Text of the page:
Author(s): John Alber
Publication date: May 2020
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We will begin this inquiry into innovating to “future-proof” our practices, not with the question of how to innovate, but rather with why we should concern ourselves with innovation. Because if we don’t get the why right, none of the rest of our work on innovation will matter.
We will move on from the question of why innovate to the business context in which all innovation occurs in this age. We won’t dwell on the changes in the legal market already amply covered in the legal press—flat demand, plummeting realization, pressure to price differently, etc. Instead, we’ll explore the broader business climate and technological context in which all practice will operate in the future.
Our starting point will be to explore how profoundly dissatisfied our clients have become with traditional law firm service levels. As cordial as those clients may be over lunch or a round of golf, when truly pressed, most will admit to real frustration with how glacial the pace of change is inside law firms.
Next, we’ll move to a technology focus. This concerns radical shifts in our society that will reshape how we do everything…including law. Technology already in the pipeline will cause breathtaking transformations in our business and personal lives, whether we innovate or not. Changes wrought by this technology will exceed our imagination’s ability to foresee them, will exceed even the ability of our best futurists to predict what will happen.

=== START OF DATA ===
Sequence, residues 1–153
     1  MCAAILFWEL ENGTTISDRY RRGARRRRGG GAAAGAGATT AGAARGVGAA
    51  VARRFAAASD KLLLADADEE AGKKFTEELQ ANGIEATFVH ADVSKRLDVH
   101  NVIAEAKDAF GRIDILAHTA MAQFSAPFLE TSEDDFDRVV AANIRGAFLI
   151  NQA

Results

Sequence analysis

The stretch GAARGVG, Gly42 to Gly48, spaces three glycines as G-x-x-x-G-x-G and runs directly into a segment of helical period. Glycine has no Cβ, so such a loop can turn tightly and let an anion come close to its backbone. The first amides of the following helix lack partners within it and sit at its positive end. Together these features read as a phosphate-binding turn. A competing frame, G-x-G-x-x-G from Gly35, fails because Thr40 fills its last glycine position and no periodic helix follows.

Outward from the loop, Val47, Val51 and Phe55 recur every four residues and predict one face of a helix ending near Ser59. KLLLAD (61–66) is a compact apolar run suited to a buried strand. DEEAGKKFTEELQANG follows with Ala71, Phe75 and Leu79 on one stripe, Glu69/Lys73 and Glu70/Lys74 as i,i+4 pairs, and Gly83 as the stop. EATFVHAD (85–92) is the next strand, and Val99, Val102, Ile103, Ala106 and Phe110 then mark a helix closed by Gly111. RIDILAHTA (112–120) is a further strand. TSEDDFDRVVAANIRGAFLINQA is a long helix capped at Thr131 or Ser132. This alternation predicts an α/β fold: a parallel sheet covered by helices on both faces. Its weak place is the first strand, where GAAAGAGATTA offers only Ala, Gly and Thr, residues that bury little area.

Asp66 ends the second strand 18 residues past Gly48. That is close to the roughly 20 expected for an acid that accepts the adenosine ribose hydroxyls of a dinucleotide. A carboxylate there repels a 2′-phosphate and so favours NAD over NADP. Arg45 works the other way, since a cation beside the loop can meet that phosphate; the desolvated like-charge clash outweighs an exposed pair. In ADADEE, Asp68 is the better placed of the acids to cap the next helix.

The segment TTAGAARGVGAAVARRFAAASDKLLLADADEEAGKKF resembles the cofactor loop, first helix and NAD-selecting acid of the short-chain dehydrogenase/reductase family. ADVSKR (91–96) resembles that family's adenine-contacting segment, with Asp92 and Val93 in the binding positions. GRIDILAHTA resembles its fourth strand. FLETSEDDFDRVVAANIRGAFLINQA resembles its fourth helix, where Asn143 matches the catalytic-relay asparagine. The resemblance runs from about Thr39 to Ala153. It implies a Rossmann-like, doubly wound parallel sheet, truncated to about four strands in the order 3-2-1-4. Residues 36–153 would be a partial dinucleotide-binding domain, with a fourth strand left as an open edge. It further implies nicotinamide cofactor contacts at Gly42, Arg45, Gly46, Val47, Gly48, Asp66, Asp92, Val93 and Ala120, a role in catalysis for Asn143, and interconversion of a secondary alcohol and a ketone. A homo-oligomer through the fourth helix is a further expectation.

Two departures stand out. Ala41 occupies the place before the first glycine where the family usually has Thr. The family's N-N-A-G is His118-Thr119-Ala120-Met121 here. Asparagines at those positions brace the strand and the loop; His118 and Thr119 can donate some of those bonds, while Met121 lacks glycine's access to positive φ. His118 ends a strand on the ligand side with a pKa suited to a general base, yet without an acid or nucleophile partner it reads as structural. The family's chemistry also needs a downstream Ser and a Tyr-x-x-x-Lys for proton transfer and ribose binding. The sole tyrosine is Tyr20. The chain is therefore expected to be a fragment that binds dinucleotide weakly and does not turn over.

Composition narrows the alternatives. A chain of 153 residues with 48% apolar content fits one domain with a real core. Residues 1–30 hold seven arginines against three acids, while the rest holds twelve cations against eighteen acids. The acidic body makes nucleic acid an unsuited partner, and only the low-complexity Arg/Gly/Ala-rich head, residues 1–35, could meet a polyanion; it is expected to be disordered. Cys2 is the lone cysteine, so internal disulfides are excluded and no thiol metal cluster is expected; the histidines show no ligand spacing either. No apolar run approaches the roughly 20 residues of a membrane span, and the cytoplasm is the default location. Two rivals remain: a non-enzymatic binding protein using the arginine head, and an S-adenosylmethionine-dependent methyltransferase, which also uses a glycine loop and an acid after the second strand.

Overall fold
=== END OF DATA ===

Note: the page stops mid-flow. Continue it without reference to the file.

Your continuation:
We will then explore the competitive environment in which Midsize firms will be operating over the near and medium terms. Already, huge shifts in the economics of practice have taken place—largely driven by competitors from outside the traditional legal sector. In order to prepare to meet such emerging competition, you need to understand it.
Next, we will talk about the skill deficits you have to remedy to compete in an age that expects Amazons and Ubers. We can argue about whether law school training properly equips young lawyers for substantive law practice. But there can be no argument about whether young lawyers emerge into practice equipped to manage the business of law—even the basics of it. They clearly do not. And most lawyers leave themselves in that state throughout their careers.
From there, we will explore particular skills in more depth. In separate chapters, we will talk about:
- Developing a baseline of service design skills using Design Thinking resources that are now available to lawyers,
- Building a profit model and other business metrics capabilities that are essential as a means of measuring the efficacy of our innovation efforts,
- Adding project management skills to firms to enhance our ability to manage both the everyday complexities of practice, as well as to carry off ambitious innovation initiatives,
- Learning how to deconstruct and rebuild business processes so as to remove cost and add efficiency. This is the area in which our clients are most interested in seeing us innovate. Maybe we should cultivate those skills.
For all the gloomy predictions about rising competition and increasing price pressure that you’ll find in the pages that follow, I hope you emerge from this study with a sense of optimism. I’m not the only student of this portion of the legal sector to see the opportunities in store for firms that seek to become change leaders.